Summing up the Rhode Island GOP Debate Over Laffey/Chafee ’06

Andrew’s last post about the negative ads against Mayor Laffey has been commented upon by an assortment of Republicans. Some support the Mayor, others bemoan the willingness of the National Republican Party to interfere at the primary level–and on the side of the more manifestly liberal of the two candidates at that–while others think the rank and file should accept the dictates from the party bosses and do nothing that might damage party unity.
I think re-posting some snippets of the commentary generated by Andrew’s post will provide an indication of the tension between those who tend to support the more-conservative Mayor Laffey and those who, even if reluctantly, are siding with “establishment” Republicans and, by default, Senator Chafee.
Anchor Rising contributor Don Hawthorne made the point that

These Senate people have only one principle: sustaining their power base, even if that means being devoid of any policy principles or vision for America. . .
Now, imagine if the Republican Senate leadership spent their money going after liberal Democrats who thwarted – among other things – the timely appointment of judges in the Senate.
And they wonder why we have no respect for their “foreign money” here in Rhode Island?

Will Ricci, of GOPUSA, also chimed in with his disgust:

I’ve been a member of the RNC since the week of my 18th birthday. While the RNC and the NRSC are technically different organizations, I know that they are close enough at the hip, that I can consider them related. They both get marching orders from the White House. I have not yet renewed my RNC membership for this year, because of shenanigans like this. As for all the other solicitations from the RNC and related entities, and I assure you, I receive many, I’ve been promptly shredding them, because I’m just fed up with all of it. However, I’m going to take Andrew and Don’s idea under advisement going forward, since considering the volume of mail that I’m still getting, they may not have gotten the hint from me yet. I’m not giving money to the national Republicans so that they can work against good members of this party who aren’t part of their little elitist club. I give money to them to fight Democrats, not Republicans! I’m sorry to have to do it, but sometimes principle needs to come before politics.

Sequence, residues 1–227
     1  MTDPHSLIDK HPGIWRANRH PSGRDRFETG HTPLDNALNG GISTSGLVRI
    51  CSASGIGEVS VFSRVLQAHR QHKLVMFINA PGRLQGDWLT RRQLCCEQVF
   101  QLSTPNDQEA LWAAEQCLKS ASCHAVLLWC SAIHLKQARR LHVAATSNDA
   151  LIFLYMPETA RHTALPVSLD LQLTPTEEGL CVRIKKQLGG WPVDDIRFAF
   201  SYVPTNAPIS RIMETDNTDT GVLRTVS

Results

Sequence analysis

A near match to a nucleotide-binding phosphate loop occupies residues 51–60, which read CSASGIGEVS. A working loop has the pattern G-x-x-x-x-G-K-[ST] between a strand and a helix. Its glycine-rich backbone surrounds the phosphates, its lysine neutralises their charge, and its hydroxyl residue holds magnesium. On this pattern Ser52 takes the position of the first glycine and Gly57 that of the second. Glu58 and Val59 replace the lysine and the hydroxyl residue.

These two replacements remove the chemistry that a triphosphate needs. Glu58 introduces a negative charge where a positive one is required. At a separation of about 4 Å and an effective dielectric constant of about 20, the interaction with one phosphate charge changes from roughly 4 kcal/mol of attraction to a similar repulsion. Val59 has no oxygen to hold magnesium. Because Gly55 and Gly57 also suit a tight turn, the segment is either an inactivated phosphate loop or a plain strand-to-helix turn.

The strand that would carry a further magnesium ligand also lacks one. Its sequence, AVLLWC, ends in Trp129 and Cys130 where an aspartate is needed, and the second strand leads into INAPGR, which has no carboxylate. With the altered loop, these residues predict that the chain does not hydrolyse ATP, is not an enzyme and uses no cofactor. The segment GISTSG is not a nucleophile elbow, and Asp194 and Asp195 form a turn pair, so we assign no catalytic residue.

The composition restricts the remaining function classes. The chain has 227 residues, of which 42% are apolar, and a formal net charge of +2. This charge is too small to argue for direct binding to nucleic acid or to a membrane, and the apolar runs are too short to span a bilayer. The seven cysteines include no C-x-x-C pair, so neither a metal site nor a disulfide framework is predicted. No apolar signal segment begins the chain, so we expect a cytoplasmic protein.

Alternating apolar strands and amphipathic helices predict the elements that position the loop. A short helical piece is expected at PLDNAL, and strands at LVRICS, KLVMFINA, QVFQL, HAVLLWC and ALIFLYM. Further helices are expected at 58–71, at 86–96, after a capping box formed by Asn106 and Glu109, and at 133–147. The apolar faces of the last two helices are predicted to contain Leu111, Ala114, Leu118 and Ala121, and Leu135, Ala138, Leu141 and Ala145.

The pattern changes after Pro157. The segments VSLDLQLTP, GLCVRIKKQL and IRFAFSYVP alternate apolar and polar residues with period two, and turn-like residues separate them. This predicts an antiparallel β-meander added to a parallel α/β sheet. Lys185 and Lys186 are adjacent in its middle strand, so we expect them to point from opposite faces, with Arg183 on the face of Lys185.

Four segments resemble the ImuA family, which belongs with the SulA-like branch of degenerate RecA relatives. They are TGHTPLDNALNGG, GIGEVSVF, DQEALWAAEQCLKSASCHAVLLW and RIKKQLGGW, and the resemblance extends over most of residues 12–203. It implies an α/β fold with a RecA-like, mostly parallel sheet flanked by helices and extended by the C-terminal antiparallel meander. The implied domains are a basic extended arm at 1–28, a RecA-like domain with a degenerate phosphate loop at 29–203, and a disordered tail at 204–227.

These “confessions” made by Will prompted “citizenjane” to comment:

If you all are so disgusted with this, why don’t you start a letter-writing campaign to the NRSC and threaten to disaffiliate from the party and encourage others to do the same if they do not stop these ads.

To which Will responded

While I understand your sentiments, disaffiliating from the GOP is a non-starter. We’re not going to be driven from the party by people like that. I’m registered as a Republican, because I am a conservative, and conservatives are more likely to win office being Republicans. Lincoln was a Republican, Teddy Roosevelt was a Republican, and Ronald Reagan was a Republican (after he was a Democrat for a while). . . That being said, I think the biggest threat would be to their wallets. Witholding money to the national party and letting them know why you’re witholding it seems to be a good starting point.

But “citizenjane” was seconded by “Anthony,” who also seemed to think it incumbent upon Republicans to stop debate and rally behind the National Party’s chosen candidate:

If you don’t believe in what the RNC and NRSC are doing, maybe you should leave the Republican Party and form a Conservative Party as was done in New York.
Attacking the GOP simply because it is trying its hardest to retain a Senate majority is counterproductive. I understand people may disagree with the decision, but the GOP has made a decision. The time for trying to change that organizational decision in this race has long since past.

The pseudonymous “Robert” echoed Anthony’s views

The NRSC is following a formula they feel is successful, and probably has been in the past around the country. And that is come out attacking, before a challenger can get started.